A History of Lower HomeBush Lower Homebush Today  Historic  Photos Plans, Maps & Sketches
Written Material about The Village and Schools Appendix of b/w Homebush photos Appendix of Plans Maps & Sketches Link to b/w Homebush photos

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A History of HomeBush

(N.B. These webpages have been converted from a self-contained CD produced originally by Douglas Wegener. Please inform me - Denis Strangman - if you come across any broken links.)

Including Lower Homebush          37 2’  Sth. Lat.    143 29’  E. Long.

HomeBush is a postal and Road Board town in the Parish of Homebush and the County of Gladstone and the electoral district of Avoca, situated 4 miles N. E. the Avoca River, and 2 miles s.w. of the Bet Bet Creek. It is 805 feet above sea level. The township of Avoca is 4 miles s.w. and there as communication 3 times per week.  Homebush had a railway station and was linked with the Maryborough and Avovca line, 124 miles n.w. Melbourne and fares were 20s pd and 13s pd in 1888.



Working Miners and 2 others

Flour Mill:

Joyce’s [6 miles north of the township]


Lower Homebush # 2258

Upper Homebush #1579 [incorporated # 336] with residence

Police Station:

the nearest was in Avoca ?

Public Hall:

Lower Homebush Public Hall


Wesleyan Chapel

Union Church

Boarding House:

Miss Bligh’s


Squires Store includes Post Office and Savings Bank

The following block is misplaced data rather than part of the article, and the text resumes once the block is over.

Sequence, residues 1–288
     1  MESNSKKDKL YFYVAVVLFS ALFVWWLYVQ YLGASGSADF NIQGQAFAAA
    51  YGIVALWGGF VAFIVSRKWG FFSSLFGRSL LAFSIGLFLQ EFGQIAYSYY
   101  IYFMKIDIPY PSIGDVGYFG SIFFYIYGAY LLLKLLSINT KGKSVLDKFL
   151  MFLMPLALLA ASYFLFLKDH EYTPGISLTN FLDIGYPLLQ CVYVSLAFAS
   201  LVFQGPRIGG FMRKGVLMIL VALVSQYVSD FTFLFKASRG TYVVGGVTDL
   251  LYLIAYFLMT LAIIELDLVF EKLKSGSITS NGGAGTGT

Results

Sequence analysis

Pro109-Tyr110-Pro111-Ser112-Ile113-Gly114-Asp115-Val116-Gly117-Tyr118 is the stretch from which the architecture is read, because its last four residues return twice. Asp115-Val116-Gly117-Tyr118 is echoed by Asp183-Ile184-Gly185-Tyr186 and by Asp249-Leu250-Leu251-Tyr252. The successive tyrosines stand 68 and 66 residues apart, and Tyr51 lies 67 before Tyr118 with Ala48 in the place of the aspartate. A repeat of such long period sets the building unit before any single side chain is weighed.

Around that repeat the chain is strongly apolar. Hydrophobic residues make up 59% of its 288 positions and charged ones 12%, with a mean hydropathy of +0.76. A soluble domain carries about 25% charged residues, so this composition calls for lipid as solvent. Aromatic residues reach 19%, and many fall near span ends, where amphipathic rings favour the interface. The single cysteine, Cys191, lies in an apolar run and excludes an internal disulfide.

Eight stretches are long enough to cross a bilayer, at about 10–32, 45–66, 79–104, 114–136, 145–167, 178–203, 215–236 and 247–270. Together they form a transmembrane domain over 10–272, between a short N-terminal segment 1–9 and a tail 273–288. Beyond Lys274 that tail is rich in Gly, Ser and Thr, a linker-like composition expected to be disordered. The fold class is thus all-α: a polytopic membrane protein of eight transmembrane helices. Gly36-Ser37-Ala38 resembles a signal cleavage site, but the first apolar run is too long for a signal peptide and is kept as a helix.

Bradley’s Store

Miss Welch’s Drapery Store

Bostok’s Butchery

Harris’s Store

Wilkinson’s Store

Dress making was a very popular occupation carried out by some people who resided in the stores. Miss C. E. Smith nee Squires was a very well known and much loved dress maker in the village for many years.


1859 to 1865 - gold rush years estimated at 20,000 including Chinese, Cornish and other nationalities.

1888 – 450

1899 – 170

1982 – 35

1999 – 0

2000 – first new house in 100 years  [2 persons to reside when completed]


Alluvial and deep lead: the gold was coarse and bright in colour. The Working Miners # 1 was the richest with 7, 000 ounces per week being extracted for some time.  The largest nuggets found were 103 and 73 ounces respectively. The Working Miner’s # 1 drove 700 feet underground to strike payable gold. Unfortunately, a burst of sand and water took place, which terminated the career of one of the best mines in Victoria.

Mining Companies:

Working Miners # 1 estab. 1875 Mr. James Pearce Mgr.

Golden Lake Co. estab. 1876

Working Miners # 1 restab. 1877/78 Mr. T Walters Mgr.

Working Miners # 2 estab. 1879

Amalgamated Working Miners # 1 & 2 estab. 1880

Son’s of Freedom Co. estab. 1872 [very small]

Try Again Co. etab. 1873 [very small]

Other mines in the area:


Wilson & Shiell’s ,

Iron Bark Gully

North Homebush



calico tent

log and slab huts with bark roofs

tin huts with bark roofs

milled timber buildings with bark roofs

milled timber buildings with tin roofs

Recreational Activities:

 The people of Homebush were very industrious and musical by nature and it was recognised as a happy locality. The township had a brass band, a Homebush Field Artillery [re-enactments only] a Mounted Rifle team and Children’s Pony Club. Many concerts were held to raise money for school and church activities.

Sporting Organizations:

Cricket- 3 teams

Football- 3 teams

Fishing Clubs for angling and cray fishing

Hunt Club- with beagle hounds

Cycling Groups  

Tennis Clubs

Copyright 2003 by Mr Douglas Wegener and the Avoca and District Historical Society Inc.